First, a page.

Advent Calendar Day 16: Mary Did You Know

There are two moments in noted anti-Semite Mel Gibson’s brutally ugly (but ferociously compelling)  Passion picture that brought some tears to my eyes.  First, when Mary of Nazareth mops up her son’s blood from the courtyard.  Second, when she watches her son stumble under the weight of his burden on the Via Dolorosa, and her eyes fill up with memories of her baby son stumbling as he took his early steps.  The mother’s pain was a lot more effective than the recreation, blow by bloody blow, of Jesus getting the shit beaten out of him could possibly have been.

I think one of the most compelling statements made about the Nativity by the Four Evangelists is from Luke’s second chapter.  “Mary treasured all these things, and pondered them in her heart.”  Simple country girl, as near as we can tell, and here she is being shown signs and wonders.  Not even married, and here’s the Herald of the Lord God on her doorstep.  Wrung out from the hard work of producing an entire human person from inside her body somewhere furnished solely with a feed trough, and here’s a bunch of filthy sheep-smelling strangers babbling about angelic choirs.  Navigating the chaos of the Holy City for her first-born’s bris and she can’t even get up the steps of the temple without being accosted by prophets overwhelmed by the presence of the babe in her arms.  Minding her own business after all the fuss has died down, and all of a sudden there’s a caravan of stargazers from way, way out of town showing up at her door like Thorin and Co., and shortly after that her husband gets a dream warning that Herod’s gunning for them and they need to split for Egypt, where their ancestors were slaves.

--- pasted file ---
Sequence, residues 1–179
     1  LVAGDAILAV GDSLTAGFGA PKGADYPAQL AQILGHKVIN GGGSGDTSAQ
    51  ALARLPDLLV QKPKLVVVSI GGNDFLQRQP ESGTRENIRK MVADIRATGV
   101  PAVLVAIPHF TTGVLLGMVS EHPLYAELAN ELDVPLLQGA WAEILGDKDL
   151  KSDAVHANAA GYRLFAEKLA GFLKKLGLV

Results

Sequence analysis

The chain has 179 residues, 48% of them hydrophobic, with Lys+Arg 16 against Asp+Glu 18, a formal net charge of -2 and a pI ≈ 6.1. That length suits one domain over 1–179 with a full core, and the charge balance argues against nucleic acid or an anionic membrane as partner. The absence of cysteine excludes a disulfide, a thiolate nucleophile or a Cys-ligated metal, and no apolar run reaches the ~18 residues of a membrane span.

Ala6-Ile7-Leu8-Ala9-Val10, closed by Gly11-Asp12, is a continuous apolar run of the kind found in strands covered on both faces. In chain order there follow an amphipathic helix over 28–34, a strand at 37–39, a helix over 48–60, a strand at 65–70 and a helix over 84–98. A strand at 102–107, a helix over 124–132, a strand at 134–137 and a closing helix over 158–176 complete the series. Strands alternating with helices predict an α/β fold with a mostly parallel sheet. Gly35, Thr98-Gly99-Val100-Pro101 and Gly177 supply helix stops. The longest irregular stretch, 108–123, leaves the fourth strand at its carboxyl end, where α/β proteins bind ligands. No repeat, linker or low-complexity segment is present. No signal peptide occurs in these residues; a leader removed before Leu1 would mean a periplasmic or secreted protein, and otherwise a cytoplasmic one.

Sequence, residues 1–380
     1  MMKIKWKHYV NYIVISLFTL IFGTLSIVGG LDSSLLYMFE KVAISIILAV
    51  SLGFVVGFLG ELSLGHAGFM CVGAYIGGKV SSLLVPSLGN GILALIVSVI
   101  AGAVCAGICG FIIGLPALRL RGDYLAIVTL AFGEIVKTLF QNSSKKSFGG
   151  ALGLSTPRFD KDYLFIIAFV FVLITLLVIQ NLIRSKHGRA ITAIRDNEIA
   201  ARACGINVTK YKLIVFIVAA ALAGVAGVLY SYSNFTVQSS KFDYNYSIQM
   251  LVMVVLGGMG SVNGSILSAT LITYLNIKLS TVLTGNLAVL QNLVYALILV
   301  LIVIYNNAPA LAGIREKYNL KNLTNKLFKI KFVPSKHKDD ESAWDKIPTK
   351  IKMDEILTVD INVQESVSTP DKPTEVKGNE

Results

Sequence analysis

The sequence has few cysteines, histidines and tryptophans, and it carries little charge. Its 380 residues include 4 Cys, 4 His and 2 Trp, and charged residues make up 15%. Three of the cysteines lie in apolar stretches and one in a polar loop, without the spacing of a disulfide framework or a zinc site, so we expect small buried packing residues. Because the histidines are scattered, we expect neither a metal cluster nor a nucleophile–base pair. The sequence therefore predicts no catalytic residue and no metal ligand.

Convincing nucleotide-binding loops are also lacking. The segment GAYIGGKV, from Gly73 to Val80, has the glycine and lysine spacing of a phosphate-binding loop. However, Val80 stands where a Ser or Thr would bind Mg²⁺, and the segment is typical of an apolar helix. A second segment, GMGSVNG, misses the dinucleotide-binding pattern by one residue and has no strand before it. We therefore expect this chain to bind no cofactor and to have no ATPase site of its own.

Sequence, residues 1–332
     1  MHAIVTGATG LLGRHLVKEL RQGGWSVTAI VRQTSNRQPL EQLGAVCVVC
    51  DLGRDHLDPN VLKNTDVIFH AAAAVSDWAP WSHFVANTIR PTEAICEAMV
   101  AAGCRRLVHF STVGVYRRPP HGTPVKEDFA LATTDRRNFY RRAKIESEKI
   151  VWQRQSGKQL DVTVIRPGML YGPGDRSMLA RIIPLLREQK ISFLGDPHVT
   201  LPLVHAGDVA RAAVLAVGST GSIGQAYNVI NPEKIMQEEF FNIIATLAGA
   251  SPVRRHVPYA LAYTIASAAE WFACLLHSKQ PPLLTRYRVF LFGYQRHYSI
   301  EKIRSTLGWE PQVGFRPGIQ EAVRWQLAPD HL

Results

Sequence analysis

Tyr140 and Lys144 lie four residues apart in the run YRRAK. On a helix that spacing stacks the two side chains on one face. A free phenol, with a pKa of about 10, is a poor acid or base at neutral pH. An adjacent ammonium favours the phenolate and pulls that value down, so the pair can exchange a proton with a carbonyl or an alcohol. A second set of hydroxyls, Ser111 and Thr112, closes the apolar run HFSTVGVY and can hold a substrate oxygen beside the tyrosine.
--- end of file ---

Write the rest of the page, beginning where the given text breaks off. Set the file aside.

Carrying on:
Even setting aside all the madness of the non-canonical smiting and resurrecting and dragon-taming and so forth that the boy got up to in his youth according to the infancy gospels, the wife of Joseph went through some strange stuff.

And all this she stored up and pondered.  Eventually she and her newly formed family go back to Judea and settle down to a quiet life of carpentry and household management.  The boy goes to the Synagogue to learn his Hebrew from the rabbis, and while his mastery of the Torah and the Prophets was astounding, he was just a boy.

And then he goes off, preaching an astounding and revolutionary message, effectively declaring himself the fulfillment of prophecy, healing, exorcising, commanding the elements.  And all this time, this ordinary woman who’d been pondering these things for so long, what must this have been to her?

And then they take him, throw him in front the lynch mob, and tear him apart in about the most brutal and degrading manner possible, and there she is to see it happen.  Standing at his feet, next to her boy’s closest friend, she watched her son die.  What must that have been like?  Words can’t bind that kind of grief.

Then, three days later, she was there to see how things had changed.



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